[ppml] Definition of "Existing Known ISP"

Owen DeLong owen at delong.com
Mon Apr 30 09:55:30 EDT 2007


1.	I don't believe my proposed definition in any way excludes ASP
or colo. providers.  In fact, I have worked with a number of colo. and
ASP providers who meet that definition.

2.	If you examine the full v6 policy in the NRPM, you will notice that
there are methods for v6-only qualification as well as the method in
question for qualification based on existing v4 status.  The intent of
this policy is to facilitate migration, not to be the complete v6  
policy.

Owen

On Apr 30, 2007, at 5:42 AM, Michael Hertrick wrote:

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> There has already been a lot said regarding this topic, and while I
> have read much of it I honestly have not read every last word posted.
> I did search the thread for keywords like web hosting and
> colocation/co-location, and ASP and found nothing, so I believe that
> most of what I am about to say is not redundant.
>
> I think that today's definition of ISP not not limited to user access,
> transit, and backbone services as it once was.  Companies providing
> web hosting and co-location services should be considered ISPs.  For
> that matter, there are also companies that call themselves ASPs,
> Application Service Providers, that have the same Internet number
> needs as ISPs.  I suppose that an ASP is an ISP even though the
> inverse is not necessarily true.  There are undoubtedly many Internet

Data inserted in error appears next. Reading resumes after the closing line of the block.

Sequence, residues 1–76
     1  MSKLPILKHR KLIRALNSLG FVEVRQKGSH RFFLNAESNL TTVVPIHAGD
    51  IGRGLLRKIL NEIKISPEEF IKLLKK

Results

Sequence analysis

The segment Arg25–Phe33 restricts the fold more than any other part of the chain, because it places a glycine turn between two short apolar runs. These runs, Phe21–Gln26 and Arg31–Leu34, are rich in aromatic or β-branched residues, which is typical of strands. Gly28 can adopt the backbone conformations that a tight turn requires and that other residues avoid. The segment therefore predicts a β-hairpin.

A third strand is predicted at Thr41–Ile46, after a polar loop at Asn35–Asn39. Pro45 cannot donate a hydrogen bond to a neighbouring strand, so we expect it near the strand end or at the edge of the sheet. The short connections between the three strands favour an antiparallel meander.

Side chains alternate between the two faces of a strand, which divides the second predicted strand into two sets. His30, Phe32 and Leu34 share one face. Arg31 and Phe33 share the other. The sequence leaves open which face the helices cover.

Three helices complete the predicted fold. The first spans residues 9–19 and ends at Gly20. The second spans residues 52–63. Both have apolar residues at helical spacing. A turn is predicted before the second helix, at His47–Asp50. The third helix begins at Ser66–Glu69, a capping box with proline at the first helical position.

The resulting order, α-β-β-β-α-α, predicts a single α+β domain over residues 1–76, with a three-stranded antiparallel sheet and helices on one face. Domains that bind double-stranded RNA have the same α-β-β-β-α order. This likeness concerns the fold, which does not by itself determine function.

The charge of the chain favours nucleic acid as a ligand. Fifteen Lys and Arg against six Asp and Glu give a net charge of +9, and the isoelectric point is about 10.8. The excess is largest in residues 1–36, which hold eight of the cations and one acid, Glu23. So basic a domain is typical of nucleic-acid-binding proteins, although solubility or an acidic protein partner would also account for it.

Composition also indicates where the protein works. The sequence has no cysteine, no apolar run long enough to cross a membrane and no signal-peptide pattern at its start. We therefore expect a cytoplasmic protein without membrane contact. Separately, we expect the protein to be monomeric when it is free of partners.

> related services that would constitute a company's recognition as an
> Internet Service Provider.  Does the ARIN staff acknowledge that?
>
> In response to the numerous recommendations that IPv4 has some
> influence on the IPv6 policies, I think that the definition of
> "existing, known ISP in the ARIN region" needs to remain somewhat
> ambiguous.  A company should be defined by what they do rather than
> how they happen to fit the IPv4 policy.  To exclude companies based on
> how they comply with IPv4 policies would be unfair because those
> policies were only intended to apply to IPv4 address allocation.
> Therefore IPv6 allocations should be available to companies that
> provide Internet services.
>
> Perhaps the S. in I.S.P. should be pluralized because nowadays there
> are more than one type of service.  Or perhaps the term "services
> provider" should be used in lieu of the acronym ISP.
>
>
> Thanks,
> ~Mike.
>
>
> Owen DeLong wrote:
>> According to Leslie, ARIN staff would like community input on the
>> definition of "Existing Known ISP" in the NRPM.
>>
>> I would propose that the following definition seems self-evident  
>> to me,
>> but, I would like to see what others here have to say:
>>
>> "An existing, known ISP is any ARIN Subscriber Organization who has
>> received an IPv4 allocation from ARIN or an ARIN predecessor which
>> now is an ARIN Subscriber Organization."
>>
>> Owen
>>
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